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Davis

Davis, California

Thursday, June 13, 2024

Buying and renting textbooks 101

While textbooks are a necessary


albeit expensive

cost of attending college, students at UC Davis have many choices for prices, book conditions and booksellers.

According to the United States Government Accountability Office, first time, full-time students at a four-year university spend an average of $900 per year in textbook costs. Buying used, rented or electronic books are common options for students to reduce costs.

Many students opt to purchase through the UC Davis campus Bookstore. Last year, the store sold nearly 100,000 new books, 91,000 used books and rented 24,000 new/used books.

Jason Lorgan, associate director for the campus bookstore, said an advantage of purchasing through UC Davis is the convenient one-stop shopping.

“We have all the course materials for all of the courses available at UC Davis,” Lorgan said.

Additionally, the Bookstore offers the opportunity for students to charge textbooks to their student accounts. It also accepts refunds during the first week of school, with a 10 percent restocking fee.

Renting textbooks often has a lower upfront cost. Lorgan said the Bookstore expanded its rental program 400 percent from last year due to increased student demand. He also said renting textbooks reduces student risk of devaluation if a new edition is published.

Professors switch editions every few years, so buying a brand new book is sometimes unavoidable. After the quarter is over, however, students can sell back their gently used books online or on-campus.

Because new editions will pay back more than older editions, many students opt to sell books immediately once classes are completed.

Despite a smaller selection than the campus bookstore, Davis Textbooks, an off-campus used and rental bookstore located at 236 A St., is an alternative to the UC Davis Bookstore. Similar to the campus bookstore, textbooks are organized by course name and number.

Shawn Sherali, owner of Davis Textbooks, suggests customers check Davis Textbooks’s prices before buying used at the on-campus bookstore.

“Often, we can beat their prices by [10] to 12 percent and my selling price is cheaper than the rental price [at the campus bookstore], so they can own the book instead of renting,” Sherali said.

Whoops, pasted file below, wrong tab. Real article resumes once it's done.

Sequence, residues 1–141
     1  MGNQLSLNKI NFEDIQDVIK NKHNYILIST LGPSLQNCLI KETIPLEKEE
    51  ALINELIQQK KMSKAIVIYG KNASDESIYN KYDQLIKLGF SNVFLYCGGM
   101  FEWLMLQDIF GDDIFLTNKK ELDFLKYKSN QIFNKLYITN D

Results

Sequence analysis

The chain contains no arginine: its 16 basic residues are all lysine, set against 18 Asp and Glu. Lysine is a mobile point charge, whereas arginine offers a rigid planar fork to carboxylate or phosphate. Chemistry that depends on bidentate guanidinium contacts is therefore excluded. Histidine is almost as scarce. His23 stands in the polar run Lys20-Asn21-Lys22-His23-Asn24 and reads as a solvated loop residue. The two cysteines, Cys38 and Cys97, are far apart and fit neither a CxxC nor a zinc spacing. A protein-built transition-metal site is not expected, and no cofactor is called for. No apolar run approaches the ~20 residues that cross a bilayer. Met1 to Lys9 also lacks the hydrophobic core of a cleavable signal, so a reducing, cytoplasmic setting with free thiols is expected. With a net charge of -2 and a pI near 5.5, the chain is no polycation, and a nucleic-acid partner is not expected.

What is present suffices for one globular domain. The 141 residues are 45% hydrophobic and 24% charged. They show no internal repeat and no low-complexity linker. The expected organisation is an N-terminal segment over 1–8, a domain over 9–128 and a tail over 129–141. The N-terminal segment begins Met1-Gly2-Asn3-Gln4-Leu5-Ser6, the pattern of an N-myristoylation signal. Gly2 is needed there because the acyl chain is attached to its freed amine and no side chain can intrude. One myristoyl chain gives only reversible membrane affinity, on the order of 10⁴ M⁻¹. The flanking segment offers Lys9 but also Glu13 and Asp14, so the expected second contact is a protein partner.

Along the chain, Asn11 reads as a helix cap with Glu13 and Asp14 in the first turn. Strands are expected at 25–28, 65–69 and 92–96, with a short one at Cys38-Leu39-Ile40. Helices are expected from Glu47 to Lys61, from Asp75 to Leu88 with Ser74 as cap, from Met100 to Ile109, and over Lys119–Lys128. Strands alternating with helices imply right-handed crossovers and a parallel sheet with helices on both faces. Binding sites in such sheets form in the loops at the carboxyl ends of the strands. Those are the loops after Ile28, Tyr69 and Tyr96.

Also, unlike the campus bookstore, customers can return books for store credit – without a restocking fee.

Another alternative for students looking to buy textbooks in a mobile way is Amazon Student, a new, free Amazon.com application for iPads and iPhones. Through the app, users can scan the textbook’s barcode to compare Amazon’s price. Students can also sell books back to Amazon.com in exchange for gift cards to the website.

Students looking to simultaneously compare multiple online booksellers beyond Amazon.com may also visit SwoopThat.com, a free online textbook comparison site. SwoopThat.com is now serving over 2,300 universities, colleges and private high schools with over 13 million students.

“I hated buying books. The issue that I felt was that the bookstore was always so expensive, and when we bought them online, we had to price-hunt them one at a time,” said Jonathan Simkin, CEO and co-founder of SwoopThat.

Simkin’s purpose of creating SwoopThat was to automate the entire process of buying textbooks.

“Other sites save you money, we save you money and time,” Simkin said.

To see all required textbooks for a student’s classes, he or she needs only to select UC Davis as their school, the quarter and the name/number of each course the student is taking.

The results will display a comparison of prices from over 1,500 online retailers including Half.com, Amazon.com and Barnesandnoble.com. The comparison includes prices and shipping costs of new, used, rented and electronic books.

SwoopThat.com earns its profits directly from the retailer’s portion of each book sold. Due to price transparency, the website boasts up to 75 percent savings compared to buying new books.

SwoopThat.com also has a textbook exchange section for students wanting to trade directly books with others.

“The book exchange is free, because it’s the right thing to do and it’s better for students,” Simkin said.

Sherali, however, cautioned students about buying online due to time constraints under the quarter system.

“If you buy online it may take a while to ship and if the book is not right, then the quarter is almost over,” Sherali said.

GRACE BENEFIELD can be reached at features@theaggie.org.

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